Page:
Prof. Bill Banks – discussed the ways in which the United States has attempted to counter the terrorist threat since 9/11. The United States took 9/11 as an act of war which, according to Banks, resulted in a war paradigm. Congress’ determination to do something (or anything) led to the passing of the AUMF (the Authorization for the Use of Military Force), authorizing the Commander and Chief to use “all necessary and appropriate force against those responsible for September 11 in order to prevent any future acts of terrorism against the us by such persons”. AUMF, however, Banks contends, has become a bunt instrument. The absence of location and time limit contributes have resulted in ambiguities regarding its scope. While some changes have occurred, in actions taken over the last nine years, the majority continue to rely upon the same mechanisms of military force, drone strikes (“in numbers far outstripping previous administration, including the targeting of an American citizen), extraordinary rendition, the State Secrets Clause to keep secrets, the maintainence of the detention facility in Guantanamo Bay, military commission trials (which, when the Supreme Court ruled that the Bush military order to try enemy combatants by military commission violated the Geneva conventions, Congress counteracted by creating the Military Commissions Act), and Predator drone strikes.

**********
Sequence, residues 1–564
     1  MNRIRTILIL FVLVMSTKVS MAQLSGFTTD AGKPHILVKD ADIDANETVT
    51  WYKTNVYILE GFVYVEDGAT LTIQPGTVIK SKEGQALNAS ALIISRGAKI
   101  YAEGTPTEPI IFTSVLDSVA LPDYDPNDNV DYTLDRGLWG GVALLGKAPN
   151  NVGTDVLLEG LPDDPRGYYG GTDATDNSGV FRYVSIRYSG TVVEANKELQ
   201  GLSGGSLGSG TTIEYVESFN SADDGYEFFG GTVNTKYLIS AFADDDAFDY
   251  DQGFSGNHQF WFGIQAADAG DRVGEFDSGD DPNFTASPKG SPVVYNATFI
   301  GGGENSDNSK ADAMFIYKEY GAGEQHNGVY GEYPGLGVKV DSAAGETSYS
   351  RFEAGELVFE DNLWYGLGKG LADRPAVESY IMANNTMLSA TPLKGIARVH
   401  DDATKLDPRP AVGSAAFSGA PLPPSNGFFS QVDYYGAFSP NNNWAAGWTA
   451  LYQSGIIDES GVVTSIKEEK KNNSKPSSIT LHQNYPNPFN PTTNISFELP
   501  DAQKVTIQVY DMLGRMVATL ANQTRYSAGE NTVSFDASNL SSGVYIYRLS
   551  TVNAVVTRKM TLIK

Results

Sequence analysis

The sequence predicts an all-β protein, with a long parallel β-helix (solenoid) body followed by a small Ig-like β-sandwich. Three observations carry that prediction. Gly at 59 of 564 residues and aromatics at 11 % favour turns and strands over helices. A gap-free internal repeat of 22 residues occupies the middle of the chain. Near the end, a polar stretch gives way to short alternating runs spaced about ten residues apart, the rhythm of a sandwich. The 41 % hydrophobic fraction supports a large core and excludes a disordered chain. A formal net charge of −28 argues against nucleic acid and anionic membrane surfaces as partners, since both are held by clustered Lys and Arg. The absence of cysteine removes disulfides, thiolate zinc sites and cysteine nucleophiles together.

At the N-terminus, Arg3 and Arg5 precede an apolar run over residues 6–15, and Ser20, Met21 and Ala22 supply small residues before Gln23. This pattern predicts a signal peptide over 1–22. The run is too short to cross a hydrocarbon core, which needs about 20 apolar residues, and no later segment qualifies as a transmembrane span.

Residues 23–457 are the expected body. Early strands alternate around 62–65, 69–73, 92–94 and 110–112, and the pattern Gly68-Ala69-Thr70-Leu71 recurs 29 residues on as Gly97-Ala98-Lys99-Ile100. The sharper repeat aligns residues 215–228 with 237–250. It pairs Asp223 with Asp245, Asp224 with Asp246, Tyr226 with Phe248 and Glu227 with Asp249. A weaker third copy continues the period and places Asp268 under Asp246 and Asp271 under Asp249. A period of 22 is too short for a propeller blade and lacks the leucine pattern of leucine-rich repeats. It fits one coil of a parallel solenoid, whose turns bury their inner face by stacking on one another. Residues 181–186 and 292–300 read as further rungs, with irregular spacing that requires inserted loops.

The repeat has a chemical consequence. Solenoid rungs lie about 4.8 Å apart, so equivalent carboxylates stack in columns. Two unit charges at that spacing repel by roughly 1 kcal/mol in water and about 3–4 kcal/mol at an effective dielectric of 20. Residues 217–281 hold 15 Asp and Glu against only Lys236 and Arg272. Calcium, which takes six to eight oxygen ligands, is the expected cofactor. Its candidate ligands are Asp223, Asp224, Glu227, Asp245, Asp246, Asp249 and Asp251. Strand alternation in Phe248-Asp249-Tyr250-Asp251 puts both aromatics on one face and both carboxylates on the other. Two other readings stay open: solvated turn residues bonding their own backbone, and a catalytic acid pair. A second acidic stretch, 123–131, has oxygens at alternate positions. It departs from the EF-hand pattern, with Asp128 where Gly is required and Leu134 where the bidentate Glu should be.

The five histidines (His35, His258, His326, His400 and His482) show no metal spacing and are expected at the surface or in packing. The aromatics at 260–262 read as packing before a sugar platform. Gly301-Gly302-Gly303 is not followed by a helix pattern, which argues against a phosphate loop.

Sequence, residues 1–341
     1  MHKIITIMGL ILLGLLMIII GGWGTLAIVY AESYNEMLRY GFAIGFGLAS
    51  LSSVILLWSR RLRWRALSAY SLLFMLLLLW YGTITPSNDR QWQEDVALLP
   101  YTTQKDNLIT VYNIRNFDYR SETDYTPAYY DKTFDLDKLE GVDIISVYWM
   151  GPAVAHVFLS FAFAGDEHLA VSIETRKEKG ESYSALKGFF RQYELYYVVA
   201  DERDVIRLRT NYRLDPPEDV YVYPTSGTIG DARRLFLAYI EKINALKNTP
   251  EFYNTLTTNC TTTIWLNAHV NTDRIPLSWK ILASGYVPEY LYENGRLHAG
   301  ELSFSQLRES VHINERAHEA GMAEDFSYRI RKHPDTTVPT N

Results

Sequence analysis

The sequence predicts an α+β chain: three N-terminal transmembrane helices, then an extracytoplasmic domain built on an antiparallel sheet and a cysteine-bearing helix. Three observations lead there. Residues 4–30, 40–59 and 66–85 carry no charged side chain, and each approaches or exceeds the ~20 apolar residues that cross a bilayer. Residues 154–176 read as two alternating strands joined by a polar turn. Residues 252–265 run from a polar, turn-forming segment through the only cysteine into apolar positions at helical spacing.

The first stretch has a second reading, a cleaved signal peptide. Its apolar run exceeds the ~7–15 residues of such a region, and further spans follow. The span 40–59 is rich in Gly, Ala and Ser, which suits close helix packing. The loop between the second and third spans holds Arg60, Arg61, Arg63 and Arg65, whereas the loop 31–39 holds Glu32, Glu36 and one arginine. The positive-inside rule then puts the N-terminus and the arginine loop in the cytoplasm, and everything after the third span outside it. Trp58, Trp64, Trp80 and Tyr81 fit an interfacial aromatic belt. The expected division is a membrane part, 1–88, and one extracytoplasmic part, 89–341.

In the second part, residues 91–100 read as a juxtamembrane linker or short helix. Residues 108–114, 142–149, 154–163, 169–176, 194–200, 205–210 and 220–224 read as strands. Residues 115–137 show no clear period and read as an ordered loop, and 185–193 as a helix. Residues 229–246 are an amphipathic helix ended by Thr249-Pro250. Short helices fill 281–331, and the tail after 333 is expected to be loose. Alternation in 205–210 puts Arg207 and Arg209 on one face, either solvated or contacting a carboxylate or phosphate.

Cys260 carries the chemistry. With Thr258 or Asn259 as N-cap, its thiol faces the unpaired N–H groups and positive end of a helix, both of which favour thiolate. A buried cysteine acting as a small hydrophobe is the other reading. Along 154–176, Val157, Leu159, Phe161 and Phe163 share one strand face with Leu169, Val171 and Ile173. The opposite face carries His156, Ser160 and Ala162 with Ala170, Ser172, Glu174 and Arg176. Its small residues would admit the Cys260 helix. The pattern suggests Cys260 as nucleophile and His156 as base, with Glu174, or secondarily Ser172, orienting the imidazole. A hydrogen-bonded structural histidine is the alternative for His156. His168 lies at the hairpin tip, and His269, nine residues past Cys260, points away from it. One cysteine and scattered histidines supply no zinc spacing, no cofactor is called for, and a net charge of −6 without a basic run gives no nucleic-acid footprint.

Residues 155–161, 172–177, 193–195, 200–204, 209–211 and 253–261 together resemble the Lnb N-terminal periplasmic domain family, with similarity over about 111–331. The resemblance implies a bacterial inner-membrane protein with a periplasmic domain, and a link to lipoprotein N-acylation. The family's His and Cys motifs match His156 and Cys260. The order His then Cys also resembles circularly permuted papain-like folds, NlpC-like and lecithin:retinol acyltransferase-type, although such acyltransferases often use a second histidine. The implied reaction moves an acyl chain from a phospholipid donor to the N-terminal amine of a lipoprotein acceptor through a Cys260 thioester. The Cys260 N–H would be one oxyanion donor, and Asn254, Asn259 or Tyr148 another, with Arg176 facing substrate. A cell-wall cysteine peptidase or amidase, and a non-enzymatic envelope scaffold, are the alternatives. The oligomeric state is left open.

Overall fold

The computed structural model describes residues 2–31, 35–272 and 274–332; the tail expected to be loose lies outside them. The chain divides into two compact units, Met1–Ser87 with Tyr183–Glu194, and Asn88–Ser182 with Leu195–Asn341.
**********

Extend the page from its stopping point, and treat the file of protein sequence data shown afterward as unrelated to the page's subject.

Lt. Gen Giovanni Marizza – Italy, Marizza noted, has suffered from terrorism in the past. In 1969 there was a big bank bombing in Milan. In 1978, the Red Brigades kidnapped and murdered the chairman of some political party. From 1968 to 1986, Palestinian terrorist groups carried out 565 terrorist attacks worldwide, with 64 of them, 11%, being perpetrated in Italy. Separatist violence in Italy, from 1956 -1988, included 361 bombing attacks, resulting in the deaths of 21 people, four of whom were terrorists, and 57 injuries Italy has experienced leftist terrorism, nationalist terrorism, and separatist terrorism. In contending with these threats, Italy has, according to Marizza, adopted a carrot and stick approach. The carrot, he stated, has been to grant privileges to those who renounced terrorism and provided intelligence to government agencies. The stick, he explained, was criminal prosecution, with courts issuing sentences of life imprisonment. Today, in Europe, the primary task, Marizza argued, is to contend with the terrorist threat without infringing upon human rights. Hard power on its own, he contended, is insufficient, just as is soft power; the answer lies in a combination of the two. Turning to the Middle East, Marizza mentioned the need for multinational initiatives in order to help persuade states like Lebanon and Syria from avoiding a war with Israel in 2020. Concluding with Afghanistan, the problem, he said, is that NATO is using a small stick and big carrot. NATO, Marizza argued, should have “promoted regime change and given it immediately to the local people but instead pretending to export democracy in a Stone Age-like country and staying there for decades provokes a feeling of occupation, [and] feeds insurgency.”